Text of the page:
This Sunday's message began with a talk about "perspective" and how that affects how we interpret things. AMEN! I think that the major issue I have with our pastor's sermons is exactly that, a matter of perspective, our perspective on the importance, meaning, and place of the gospel. Not the facts of the gospel, but the living out of the gospel in the life of a believer. I say this in part, because the living out of the gospel perspective is very obviously missing in this week's message.
The text this week is Acts 3:1-10. So let's begin there. A miracle takes place in this text. A man that is crippled from birth is healed. That is an amazing event. I find it hard to believe that such an event took place only to teach some kind of a moral lesson or to encourage some type of behavior modification, that is so not Jesus. I believe that this event occurred to facilitate a gospel message.
In this event, we have a man who was crippled from birth, a man who probably had no family, a man whose existence was reduced to being left to beg all day. I dread to think of what his existence at night must have been. He also was a man who the Jewish community would have supposed to have been steeped in sin, either his own or that of his parents. And this from birth! So what change was given to him was probably done in a very condescending manner. He was an outcast, crippled, alone, and rejected.
So up walk Peter and John. Peter says, "Look at me." Most people would probably avert their eyes not just because they did not want to give because of who this man was and what he represented to them. I wonder if part of what he expected them to give him was a little "what for." I wonder how many times someone threw him a bit of change but also gave him another two cents worth as well. You know, that Pharisaical "I sure am glad that God didn't make me like you."
But Peter was not your typical Jew. He was a Jew who had been with Jesus. And although he had no silver or gold, he possessed something much greater, a love for and understanding of the gospel of Jesus Christ. Peter is about to create a spectacle, but not a spectacle to draw attention to himself, but one that ultimately draws attention to Christ. Peter is about to, through Christ, free this man from such a great bondage that it is hard for me to fathom. Peter does not just say "stand up and walk, but he tells him to do it "in the name of Jesus Christ of Nazareth." He wanted to make sure that this man and everyone else within hearing knew that what was about to happen was the result of what Jesus was doing, and not himself. It was Jesus who would set this man free from his bondage, and not Peter, John, or even the crippled beggar himself. That is good news, that is the gospel.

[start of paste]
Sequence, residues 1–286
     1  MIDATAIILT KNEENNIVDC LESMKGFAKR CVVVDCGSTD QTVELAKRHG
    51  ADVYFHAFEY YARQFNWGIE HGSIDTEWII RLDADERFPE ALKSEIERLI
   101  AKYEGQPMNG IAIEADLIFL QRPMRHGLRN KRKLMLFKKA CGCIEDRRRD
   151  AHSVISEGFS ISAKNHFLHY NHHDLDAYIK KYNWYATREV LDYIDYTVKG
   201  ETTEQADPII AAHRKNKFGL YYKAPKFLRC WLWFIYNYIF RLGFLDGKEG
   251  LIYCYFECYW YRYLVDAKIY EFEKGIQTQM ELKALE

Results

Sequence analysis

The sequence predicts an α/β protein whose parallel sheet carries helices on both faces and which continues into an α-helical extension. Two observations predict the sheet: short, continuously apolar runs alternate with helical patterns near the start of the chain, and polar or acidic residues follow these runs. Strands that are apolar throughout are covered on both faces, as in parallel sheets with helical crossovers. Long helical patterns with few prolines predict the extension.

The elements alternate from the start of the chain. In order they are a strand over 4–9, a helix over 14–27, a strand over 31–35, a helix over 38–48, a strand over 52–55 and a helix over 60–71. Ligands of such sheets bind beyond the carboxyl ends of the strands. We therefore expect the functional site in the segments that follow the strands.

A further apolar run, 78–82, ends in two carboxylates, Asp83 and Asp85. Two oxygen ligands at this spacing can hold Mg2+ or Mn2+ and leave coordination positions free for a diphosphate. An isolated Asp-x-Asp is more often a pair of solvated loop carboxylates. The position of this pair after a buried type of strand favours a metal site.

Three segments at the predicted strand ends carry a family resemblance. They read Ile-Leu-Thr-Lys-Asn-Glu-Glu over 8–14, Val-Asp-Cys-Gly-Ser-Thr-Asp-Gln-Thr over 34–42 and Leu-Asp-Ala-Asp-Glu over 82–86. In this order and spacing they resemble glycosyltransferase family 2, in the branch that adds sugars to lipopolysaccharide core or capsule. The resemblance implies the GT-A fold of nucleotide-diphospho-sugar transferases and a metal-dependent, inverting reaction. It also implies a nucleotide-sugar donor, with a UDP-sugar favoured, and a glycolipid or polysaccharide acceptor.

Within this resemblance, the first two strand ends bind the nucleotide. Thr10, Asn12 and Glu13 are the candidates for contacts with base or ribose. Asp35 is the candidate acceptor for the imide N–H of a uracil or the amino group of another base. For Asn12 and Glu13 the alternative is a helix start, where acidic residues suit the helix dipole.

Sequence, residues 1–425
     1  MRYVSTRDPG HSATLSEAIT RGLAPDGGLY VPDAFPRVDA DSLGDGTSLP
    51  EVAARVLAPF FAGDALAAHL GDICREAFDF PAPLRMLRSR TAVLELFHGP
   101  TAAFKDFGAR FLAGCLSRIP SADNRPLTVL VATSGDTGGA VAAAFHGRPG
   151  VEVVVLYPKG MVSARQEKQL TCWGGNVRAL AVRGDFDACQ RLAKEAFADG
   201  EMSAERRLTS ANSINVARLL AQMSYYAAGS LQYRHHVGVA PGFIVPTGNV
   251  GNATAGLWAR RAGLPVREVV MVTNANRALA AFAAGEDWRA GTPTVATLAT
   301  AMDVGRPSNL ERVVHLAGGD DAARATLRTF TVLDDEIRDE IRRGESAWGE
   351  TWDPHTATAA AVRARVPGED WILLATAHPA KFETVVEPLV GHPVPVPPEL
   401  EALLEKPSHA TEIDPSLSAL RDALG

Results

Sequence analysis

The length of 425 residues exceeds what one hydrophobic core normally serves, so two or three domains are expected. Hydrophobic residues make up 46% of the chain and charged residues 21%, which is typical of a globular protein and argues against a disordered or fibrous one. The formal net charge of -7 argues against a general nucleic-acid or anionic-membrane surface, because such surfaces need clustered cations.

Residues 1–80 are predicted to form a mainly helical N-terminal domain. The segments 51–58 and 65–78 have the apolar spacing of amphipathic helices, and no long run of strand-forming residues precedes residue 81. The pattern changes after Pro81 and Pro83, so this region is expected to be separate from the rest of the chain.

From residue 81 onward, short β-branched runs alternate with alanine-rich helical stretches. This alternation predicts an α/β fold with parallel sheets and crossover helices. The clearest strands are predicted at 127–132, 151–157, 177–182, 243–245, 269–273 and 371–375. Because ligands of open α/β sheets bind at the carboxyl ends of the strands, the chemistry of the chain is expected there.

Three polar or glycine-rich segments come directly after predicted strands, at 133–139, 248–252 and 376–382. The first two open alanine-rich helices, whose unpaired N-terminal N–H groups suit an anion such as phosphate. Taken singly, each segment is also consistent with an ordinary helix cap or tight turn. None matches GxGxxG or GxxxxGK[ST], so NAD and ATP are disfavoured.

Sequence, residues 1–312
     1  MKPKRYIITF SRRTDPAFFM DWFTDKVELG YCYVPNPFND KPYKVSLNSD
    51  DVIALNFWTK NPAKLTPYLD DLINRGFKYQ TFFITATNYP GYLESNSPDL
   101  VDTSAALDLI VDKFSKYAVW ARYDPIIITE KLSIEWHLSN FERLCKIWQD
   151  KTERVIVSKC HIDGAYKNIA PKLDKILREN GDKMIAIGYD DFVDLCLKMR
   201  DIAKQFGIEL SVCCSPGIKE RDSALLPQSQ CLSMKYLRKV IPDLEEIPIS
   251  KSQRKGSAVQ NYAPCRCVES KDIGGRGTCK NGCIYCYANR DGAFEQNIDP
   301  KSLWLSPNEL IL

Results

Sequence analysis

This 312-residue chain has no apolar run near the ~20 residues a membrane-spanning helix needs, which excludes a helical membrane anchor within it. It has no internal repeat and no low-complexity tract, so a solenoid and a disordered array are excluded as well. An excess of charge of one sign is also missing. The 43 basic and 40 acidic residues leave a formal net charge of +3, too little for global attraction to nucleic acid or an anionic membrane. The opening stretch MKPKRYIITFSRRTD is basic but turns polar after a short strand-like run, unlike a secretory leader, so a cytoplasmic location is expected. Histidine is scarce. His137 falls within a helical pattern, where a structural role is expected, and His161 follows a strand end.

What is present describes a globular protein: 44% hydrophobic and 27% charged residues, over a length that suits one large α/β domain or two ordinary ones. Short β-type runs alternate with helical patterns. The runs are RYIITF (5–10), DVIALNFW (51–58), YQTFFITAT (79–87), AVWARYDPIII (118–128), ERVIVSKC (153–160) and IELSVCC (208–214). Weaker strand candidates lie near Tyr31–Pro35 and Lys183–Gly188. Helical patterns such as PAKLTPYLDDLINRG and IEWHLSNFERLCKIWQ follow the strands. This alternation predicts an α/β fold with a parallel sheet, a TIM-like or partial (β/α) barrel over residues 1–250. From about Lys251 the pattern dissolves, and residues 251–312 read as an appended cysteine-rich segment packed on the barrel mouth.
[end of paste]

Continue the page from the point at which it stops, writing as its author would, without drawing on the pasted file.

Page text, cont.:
It is not about the man's action over apathy. It is not about his choosing faith over fear. It is not even about a choice to give glory to God. Not that those are not all good things, but without a connection to the gospel and a sincere love for God, they are nothing. (I Cor. 13:1-3) It is about Christ, through Peter, choosing to bring glory to His name through the changed life of a man who had been crippled since birth. Anything more than the total sufficiency of Christ robs the gospel of its power. Anything that depends on me only weighs me down and will ultimately hinder my faith.
Peter understood this. Perhaps my greatest disappointment is that this is where the sermon ends for the preacher. Next week we move on to Chapter 4 of Acts. But what about the rest of chapter 3? Peter uses this event as a springboard to present a gospel message in verses 11-26. Not a message about how to handle your money, or how to behave better, but a message of what God has done for us in Christ!